Mortuary Temple of Amenhotep III

Mortuary temple of Amenhotep III (copyright Olaf Tausch)

The Mortuary Temple of Amenhotep III (Kom el-Hettan) is located in the West Bank directly across the Nile from Thebes. Built by the Eighteenth Dynasty pharaoh Amenhotep III, it was the largest mortuary temple in the Theban necropolis, larger even than the complex of Karnak at that time. It covered an impressive 350,000 square metres.

The temple was the cult centre for the worship of Amenhotep III as a god both before and after his death. The architect of the temple was the respected named Amenhotep, son of Hapu.

The temple is aligned to face east, towards the Nile. The Colossi of Memnon flanked the entrance and behind them two large courts and three mudbrick pylons led to a solar court. Within the two courts two further seated statues of Amenhotep III were found along with a headless sphinx (thought to represent Queen Tiy), another sphinx with the body of a crocodile, statues of jackals (no doubt representing Anubis) and statues of Amenhotep III as Osiris.

A broken sphinx from the Mortuary Temple of Amenhotep III (copyright Neithsabes)

A further series of sphinx led from the third pylon to the solar court which was contained by sandstone papyrus topped columns and statues of Amenhotep III as Osiris. On these statues were inscribed lists of captives from foreign lands (although the reign of Amenhotep II was not known for military conquest). On the south side of the entrance to the solar court a massive stele depicted Amenhotep III and Queen Tiy with PtahSokarOsiris. The text on the stele lists the building works of Amenhotep III.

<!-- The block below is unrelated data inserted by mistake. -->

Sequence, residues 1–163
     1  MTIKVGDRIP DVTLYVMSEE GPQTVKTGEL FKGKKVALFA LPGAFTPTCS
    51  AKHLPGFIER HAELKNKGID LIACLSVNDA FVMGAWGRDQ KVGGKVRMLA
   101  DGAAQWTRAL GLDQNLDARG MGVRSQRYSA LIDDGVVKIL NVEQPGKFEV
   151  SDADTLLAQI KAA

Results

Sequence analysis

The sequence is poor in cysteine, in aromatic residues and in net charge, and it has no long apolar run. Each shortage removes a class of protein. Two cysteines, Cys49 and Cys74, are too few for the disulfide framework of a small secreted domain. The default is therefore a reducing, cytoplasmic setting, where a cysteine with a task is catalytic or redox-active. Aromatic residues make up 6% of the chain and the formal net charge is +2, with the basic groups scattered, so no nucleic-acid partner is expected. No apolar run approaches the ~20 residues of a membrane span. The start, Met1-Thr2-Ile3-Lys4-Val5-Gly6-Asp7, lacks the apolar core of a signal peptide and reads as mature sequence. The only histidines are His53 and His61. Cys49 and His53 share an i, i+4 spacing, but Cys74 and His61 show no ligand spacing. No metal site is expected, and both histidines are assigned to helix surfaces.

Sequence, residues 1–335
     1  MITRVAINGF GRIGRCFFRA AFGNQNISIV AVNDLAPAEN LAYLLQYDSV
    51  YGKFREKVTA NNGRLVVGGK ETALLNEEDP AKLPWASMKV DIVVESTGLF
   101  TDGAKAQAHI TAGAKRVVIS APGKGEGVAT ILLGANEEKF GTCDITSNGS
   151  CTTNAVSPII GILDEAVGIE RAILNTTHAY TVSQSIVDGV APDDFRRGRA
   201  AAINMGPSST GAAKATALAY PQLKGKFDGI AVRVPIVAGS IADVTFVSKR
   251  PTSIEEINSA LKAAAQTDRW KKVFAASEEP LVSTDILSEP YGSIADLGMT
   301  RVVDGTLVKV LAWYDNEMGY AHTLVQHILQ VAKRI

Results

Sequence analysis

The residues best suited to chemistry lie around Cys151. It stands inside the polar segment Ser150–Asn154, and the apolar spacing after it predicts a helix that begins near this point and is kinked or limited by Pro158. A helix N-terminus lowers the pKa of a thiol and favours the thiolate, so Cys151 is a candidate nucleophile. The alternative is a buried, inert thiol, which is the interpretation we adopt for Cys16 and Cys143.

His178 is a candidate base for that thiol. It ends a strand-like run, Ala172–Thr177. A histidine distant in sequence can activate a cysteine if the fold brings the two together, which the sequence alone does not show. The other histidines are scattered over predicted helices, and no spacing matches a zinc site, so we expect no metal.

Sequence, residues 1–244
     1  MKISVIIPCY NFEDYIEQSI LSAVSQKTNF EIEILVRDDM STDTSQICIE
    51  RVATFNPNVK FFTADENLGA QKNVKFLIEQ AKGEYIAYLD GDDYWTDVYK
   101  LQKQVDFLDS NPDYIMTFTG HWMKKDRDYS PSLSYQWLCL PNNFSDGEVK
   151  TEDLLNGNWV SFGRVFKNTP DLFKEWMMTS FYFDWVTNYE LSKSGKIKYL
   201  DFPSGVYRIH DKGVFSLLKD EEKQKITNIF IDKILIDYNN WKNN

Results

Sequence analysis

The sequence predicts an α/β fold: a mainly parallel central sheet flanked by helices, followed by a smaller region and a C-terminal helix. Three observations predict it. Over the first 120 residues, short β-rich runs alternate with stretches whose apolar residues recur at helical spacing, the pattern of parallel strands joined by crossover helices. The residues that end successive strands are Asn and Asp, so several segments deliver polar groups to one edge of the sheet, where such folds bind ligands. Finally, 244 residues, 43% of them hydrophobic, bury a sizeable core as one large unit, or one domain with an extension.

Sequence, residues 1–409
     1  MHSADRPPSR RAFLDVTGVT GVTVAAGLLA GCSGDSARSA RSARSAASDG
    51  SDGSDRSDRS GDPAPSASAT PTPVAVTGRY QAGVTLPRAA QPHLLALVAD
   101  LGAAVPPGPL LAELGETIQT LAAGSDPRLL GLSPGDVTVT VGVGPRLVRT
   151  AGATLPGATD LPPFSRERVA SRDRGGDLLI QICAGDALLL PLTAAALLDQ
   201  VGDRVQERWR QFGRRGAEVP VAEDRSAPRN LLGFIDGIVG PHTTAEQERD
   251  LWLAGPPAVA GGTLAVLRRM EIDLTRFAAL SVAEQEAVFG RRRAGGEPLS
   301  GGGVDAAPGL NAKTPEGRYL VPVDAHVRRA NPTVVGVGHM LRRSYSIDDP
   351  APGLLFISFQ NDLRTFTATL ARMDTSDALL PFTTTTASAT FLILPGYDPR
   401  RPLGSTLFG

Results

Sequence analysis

A fragment of a statue from the Mortuary Temple of Amenhotep III (copyright Neithsabes)

The concept behind the temple was brilliant, but flawed. It was purposely built close to the river so that the Nile would flood its precincts every year with only the inner sanctum remaining above the water. The inner sanctum represented the primeval mound and every year the temple would emerge from the waters, just as it was believed the earth had emerged from the waters of chaos.

Unfortunately, because the temple was constructed so close to the river it suffered irreparable water damage, and by the Nineteenth Dynasty it was already in ruins. This proved too tempting for later builders and so much of the masonry was recycled into other building projects. For example, a large granite stele from this temple was placed within the mortuary temple of Merenptah.

All that remains of this great monument is a small number of scattered, ruined statues and the two colossal statues known as the Colossi of Memnon.

Copyright J Hill 2010